FIG. 1a is a side elevational view of the components of a circuit board assembled for lamination according to one embodiment of this invention;
FIG. 1b is the components shown in FIG. 1a laminated together to form a circuit board element;
FIG. 1c is the board of FIG. 1b prepared for etching the copper sheets to form clearance holes;
FIG. 1d is the board of FIG. 1c with the copper sheets etched to form the clearance holes;
FIG. 2a is a side elevational view of the components of a circuit board assembled for lamination according to another embodiment of this invention;
FIG. 2b is the components of FIG. 2a laminated to form a circuit board element;
FIG. 3a is a side elevational of the first step in forming a circuit board according to yet another embodiment of this invention;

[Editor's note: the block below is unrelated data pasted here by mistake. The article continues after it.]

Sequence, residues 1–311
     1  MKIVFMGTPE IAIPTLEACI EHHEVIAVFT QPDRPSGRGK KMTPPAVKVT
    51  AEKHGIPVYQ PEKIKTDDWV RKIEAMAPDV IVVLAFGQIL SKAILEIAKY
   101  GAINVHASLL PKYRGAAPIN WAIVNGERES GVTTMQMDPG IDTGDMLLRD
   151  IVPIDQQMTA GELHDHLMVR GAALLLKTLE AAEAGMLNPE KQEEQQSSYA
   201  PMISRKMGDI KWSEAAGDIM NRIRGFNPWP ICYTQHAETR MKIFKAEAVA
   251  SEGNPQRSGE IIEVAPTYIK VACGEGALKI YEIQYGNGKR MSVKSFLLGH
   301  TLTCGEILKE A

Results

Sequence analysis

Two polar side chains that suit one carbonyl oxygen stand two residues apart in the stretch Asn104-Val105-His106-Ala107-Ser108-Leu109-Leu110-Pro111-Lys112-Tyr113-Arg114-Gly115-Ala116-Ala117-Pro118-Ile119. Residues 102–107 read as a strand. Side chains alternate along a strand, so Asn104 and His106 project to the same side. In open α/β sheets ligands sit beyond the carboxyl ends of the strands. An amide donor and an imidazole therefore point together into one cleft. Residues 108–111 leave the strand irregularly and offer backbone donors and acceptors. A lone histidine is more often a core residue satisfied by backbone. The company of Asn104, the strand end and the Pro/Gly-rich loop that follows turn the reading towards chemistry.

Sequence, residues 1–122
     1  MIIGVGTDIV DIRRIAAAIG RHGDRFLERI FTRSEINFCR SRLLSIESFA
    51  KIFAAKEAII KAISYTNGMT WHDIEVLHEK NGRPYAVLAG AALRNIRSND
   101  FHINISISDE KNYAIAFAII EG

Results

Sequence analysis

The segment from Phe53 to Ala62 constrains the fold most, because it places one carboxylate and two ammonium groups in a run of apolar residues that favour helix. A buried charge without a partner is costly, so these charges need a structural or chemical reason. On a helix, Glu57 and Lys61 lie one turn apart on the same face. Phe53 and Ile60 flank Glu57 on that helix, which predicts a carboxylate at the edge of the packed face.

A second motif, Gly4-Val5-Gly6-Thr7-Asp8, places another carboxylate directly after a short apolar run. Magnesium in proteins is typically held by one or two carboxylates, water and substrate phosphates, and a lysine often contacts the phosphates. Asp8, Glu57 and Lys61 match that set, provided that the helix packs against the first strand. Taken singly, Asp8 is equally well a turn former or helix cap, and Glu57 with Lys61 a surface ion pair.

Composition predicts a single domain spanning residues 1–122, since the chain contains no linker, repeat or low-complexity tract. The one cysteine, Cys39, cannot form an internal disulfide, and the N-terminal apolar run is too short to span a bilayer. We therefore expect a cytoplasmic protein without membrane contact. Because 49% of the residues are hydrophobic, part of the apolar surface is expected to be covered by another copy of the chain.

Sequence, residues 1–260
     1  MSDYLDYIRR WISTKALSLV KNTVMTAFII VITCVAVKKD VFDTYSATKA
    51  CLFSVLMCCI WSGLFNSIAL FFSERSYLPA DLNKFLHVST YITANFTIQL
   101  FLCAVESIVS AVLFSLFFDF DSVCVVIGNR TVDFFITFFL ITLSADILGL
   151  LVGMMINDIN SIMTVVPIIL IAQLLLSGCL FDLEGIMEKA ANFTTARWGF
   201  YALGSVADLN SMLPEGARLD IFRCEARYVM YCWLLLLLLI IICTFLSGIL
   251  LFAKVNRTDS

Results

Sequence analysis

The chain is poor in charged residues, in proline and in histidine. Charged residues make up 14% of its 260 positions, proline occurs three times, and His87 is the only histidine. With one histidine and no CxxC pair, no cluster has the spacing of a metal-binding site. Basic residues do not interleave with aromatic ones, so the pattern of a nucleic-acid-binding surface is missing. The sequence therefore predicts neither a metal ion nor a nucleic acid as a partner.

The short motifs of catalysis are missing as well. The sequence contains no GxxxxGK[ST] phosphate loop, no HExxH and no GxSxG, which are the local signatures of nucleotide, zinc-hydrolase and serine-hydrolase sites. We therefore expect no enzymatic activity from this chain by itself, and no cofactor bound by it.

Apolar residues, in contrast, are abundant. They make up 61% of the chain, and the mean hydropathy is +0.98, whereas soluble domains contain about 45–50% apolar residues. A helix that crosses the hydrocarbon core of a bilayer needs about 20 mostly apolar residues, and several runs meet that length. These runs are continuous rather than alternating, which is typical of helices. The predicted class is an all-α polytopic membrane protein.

FIG. 3b depicts the step following that shown in FIG. 3a in the manufacture of the circuit board element;
FIG. 3c depicts the final lamination step after that shown in FIG. 3b in the manufacture of the circuit board element;
FIG. 4a is a side elevational view showing the components ready for lamination of still a further embodiment of this invention;
FIG. 4b shows the lamination of the components depicted in FIG. 4a;
FIG. 5a is a side elevational view depicting the structure of one component of a circuit board according to still another embodiment of this invention;
FIG. 5b depicts the laminate structure of a circuit board using the component of FIG. 5a; and
FIG. 6 is a longitunal sectional view of two capacitive elements used to form a completed circuit board.